Oct. 10 marked World Mental Health Day, an annual advocacy event supported by the World Health Organization that emphasizes mental health advocacy and informing the public on the topic. To commemorate the day, many Twitter users, including celebrities, shared their stories and encouraged followers to do the same. Lady Gaga even co-wrote an essay in The Guardian on suicide, using her platform to remind readers that “we can all be a part of a new movement — including people who have faced mental illness themselves — to call on governments and industry to put mental health at the top of their agendas.”
But before we march on Washington, I can’t help but ask: Is the world’s mental health crisis truly anybody’s fault? What would a mental health “movement” even look like?
A fitting theme for this column, this year the WHO focused on promoting constructive discourse among young people, highlighting that half of all mental illnesses begin by the age of 14 and that suicide is the second leading cause of death for teenagers and young adults. Yes, World Mental Health Day is critically important to raising awareness; people need to understand that “it’s okay not to be okay.” But I can only hope that the movement doesn’t end on Oct. 10: Recognizing and addressing warning signs — both in our loved ones and ourselves — should be a priority year-round.
As they join the wave of increasing social awareness, many young people are beginning to understand mental health is an immediate problem that is taking an immense toll on the world’s population. Much of this insight is expressed through social media, which creates, to some extent, a supportive community; I can log onto Twitter right now and pull up several viral posts reminding users that they’re not alone in their struggles. Some are personal narratives; some are simple links to the suicide hotline; all help people realize that their problems are, in fact, pretty normal.
But for some reason, these productive conversations don’t transfer to the real world.
That’s why I would argue that change starts with engaging in open and honest communication — because, as I’ve come to realize, the people who struggle the most are often the ones you’d least expect. Since I started writing this column in January, several close friends have come forward with their own stories of combating mental illness, expressing their appreciation of my efforts to help tear down the stigma surrounding such a common issue. And while it was comforting to know I was offering at least some indirect support, I also began to realize just how severely mental health struggles are affecting my peers.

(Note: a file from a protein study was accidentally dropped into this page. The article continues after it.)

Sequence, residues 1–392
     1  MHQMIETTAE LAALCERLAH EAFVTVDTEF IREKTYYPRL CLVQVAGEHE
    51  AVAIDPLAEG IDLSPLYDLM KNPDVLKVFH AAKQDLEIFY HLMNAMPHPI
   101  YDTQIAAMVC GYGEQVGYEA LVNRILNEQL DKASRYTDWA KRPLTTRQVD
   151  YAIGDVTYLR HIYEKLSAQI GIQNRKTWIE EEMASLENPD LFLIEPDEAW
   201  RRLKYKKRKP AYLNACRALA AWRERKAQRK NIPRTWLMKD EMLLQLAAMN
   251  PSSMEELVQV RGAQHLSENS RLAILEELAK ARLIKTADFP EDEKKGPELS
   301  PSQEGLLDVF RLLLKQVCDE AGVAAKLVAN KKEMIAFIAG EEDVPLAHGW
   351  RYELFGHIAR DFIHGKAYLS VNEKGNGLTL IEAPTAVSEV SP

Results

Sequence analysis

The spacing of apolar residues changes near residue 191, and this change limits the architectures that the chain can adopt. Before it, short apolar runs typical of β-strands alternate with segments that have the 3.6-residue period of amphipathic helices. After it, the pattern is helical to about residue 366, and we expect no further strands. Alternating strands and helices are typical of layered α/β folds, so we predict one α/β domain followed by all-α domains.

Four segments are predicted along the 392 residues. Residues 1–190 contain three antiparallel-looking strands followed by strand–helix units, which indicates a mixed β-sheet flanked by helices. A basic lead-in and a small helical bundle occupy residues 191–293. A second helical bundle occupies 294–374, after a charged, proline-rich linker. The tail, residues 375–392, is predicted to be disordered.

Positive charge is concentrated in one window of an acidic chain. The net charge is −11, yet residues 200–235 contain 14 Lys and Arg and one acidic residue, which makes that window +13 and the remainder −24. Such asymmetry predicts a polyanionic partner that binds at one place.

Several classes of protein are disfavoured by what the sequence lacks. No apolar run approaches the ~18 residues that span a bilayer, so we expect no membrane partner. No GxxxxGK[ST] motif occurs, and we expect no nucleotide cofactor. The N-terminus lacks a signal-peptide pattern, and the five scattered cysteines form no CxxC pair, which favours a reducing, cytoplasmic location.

Quite honestly, it’s a shame that it took an entire column for some of my friends to discuss their struggles with me. Indeed, it’s safe to say that many people want to seek support for their problems, but avoid uncomfortable confrontation due to fear of being judged or misunderstood. That’s why, now more than ever, we need to give young people the opportunity to express their mental health concerns through an outlet that doesn’t involve a screen.
Much of this dilemma can be solved by giving students access to counselors that can assess and help remedy their struggles. At USC, the Engemann Student Health Center has been a subject of criticism for failing to provide students with adequate mental health support services: A recent Daily Trojan feature underlined the fact that 70 percent of students who attempt to make therapy appointments are referred elsewhere. Robert Mendola, the executive director and division chief for counseling and mental health at USC, said the department seems to be so understaffed that one therapist oversees 1,800 students.
However, I must commend the center’s staff for acknowledging the facility’s shortcomings and making tangible steps to improve its efficiency. Engemann has reported that it will add 12 new full-time therapists over the next two years; so far, the center has added five. Mendola cited his own priority of removing the waitlist at Engemann.
“To send a student without a car [and] with a tight schedule to take an hour each way just to see someone for 50 minutes is not realistic,” Mendola said.
As the University works out its own structural issues, I cannot emphasize enough that taking the initiative to communicate mental health concerns is crucial to developing mental resilience. Remember: The first step on the road to recovery must be taken by yourself — big steps, small steps, there’s no rush. Start a conversation and see where it leads. And before you know it, you’ve started your own movement.
Ryan Fawwaz is a sophomore majoring in journalism. His column, “Mindful Mondays,” runs every other Monday.